PAN DAIJING is an uncompromising, sonically exploratory artist who hails from Guiyang, the capital of Guizhou province, in south central China. Her approach to her art is unbridled, bold, and straddles sound, installation, storytelling, choreography. Her raw approach as composer and performer takes many forms: sound, choreography, installation, and storytelling.
Her 2017 album for Pan, Lack 惊蛰, cracked open a world of neo-industrial minimalism, brutalist sequences such as “The Nerve Meter” rubbing shoulders with the more ethereal but discomfiting textures of “Phenomenon”‘ fiercely presenting, soul-baring.
For her new album, her second for PAN and her third overall, she poses the following conceptual question: what if a song was not a culmination but a singe, an imprint, or a crater left in the wake of creative process? More or less, perhaps, an absence defined by the impression left?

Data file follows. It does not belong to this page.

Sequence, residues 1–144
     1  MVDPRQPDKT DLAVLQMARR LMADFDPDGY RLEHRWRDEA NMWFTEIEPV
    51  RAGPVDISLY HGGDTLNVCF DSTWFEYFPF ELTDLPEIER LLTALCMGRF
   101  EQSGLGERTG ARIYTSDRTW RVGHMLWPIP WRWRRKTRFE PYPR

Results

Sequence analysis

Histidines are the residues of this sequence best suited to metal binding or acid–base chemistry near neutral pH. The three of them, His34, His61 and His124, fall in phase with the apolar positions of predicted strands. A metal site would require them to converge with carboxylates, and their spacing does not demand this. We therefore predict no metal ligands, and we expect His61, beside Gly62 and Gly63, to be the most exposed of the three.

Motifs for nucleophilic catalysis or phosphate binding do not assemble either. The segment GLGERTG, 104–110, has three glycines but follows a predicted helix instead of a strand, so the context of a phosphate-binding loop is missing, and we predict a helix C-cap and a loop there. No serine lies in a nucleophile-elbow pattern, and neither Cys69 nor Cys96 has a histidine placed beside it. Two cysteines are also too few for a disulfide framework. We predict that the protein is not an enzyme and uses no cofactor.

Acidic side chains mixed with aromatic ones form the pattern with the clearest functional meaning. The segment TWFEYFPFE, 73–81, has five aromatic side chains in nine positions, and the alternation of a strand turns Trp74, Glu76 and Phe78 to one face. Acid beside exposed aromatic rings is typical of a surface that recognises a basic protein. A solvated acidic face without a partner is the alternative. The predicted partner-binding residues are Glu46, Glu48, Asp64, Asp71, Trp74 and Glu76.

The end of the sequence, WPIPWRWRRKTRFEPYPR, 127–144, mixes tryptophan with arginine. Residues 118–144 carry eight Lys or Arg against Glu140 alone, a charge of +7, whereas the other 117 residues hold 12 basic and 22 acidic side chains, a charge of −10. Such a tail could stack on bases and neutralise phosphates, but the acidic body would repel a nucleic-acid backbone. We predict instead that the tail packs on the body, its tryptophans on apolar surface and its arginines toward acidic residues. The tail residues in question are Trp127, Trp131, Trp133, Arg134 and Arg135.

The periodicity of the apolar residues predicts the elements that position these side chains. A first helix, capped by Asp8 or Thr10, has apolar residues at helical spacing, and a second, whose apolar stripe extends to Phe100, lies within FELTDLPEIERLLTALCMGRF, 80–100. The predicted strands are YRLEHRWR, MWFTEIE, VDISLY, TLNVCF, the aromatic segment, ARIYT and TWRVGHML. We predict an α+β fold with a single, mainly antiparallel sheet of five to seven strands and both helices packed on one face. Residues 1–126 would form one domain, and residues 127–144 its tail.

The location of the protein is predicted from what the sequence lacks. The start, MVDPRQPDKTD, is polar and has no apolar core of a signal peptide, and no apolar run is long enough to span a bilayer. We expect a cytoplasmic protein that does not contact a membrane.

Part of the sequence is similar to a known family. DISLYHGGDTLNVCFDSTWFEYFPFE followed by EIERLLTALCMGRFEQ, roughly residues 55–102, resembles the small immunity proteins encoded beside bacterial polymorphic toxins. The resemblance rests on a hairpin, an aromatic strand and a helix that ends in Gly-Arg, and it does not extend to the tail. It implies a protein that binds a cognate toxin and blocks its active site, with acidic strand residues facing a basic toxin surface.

On the forthcoming Jade 玉观音, Daijing shifts into a new creative zone. In the four years that have elapsed since Lack 惊蛰, she’s had commissioned performance-exhibitions at the Tate Modern and Berlin’s Martin Gropius Bau and Haus der Kulturen der Welt. Huge pieces, for massive casts of opera singers and dancers, necessarily intense, it left Daijing retreating into a more introverted creative space. Jade 玉观音 is the sound of a sometimes quieter and personal refuge.
You can hear a single from the album below, “Let 七月”, in which Daijing shares fleeting, stream-of-conscious impressions over a dreamy glimmer of traditional Chinese instrumentation, that suddenly clouds with higher, more primal drones, washes and utterances of the soul.
“Solitude is like an immense lake you’re swimming through,” says Daijing of these songs. “Sometimes you dip your head in and sometimes you lift it above.”
Pan Daijing’s Jade 玉观音 will be released digitally and on vinyl by PAN on June 4th; you can pre-order your copy here.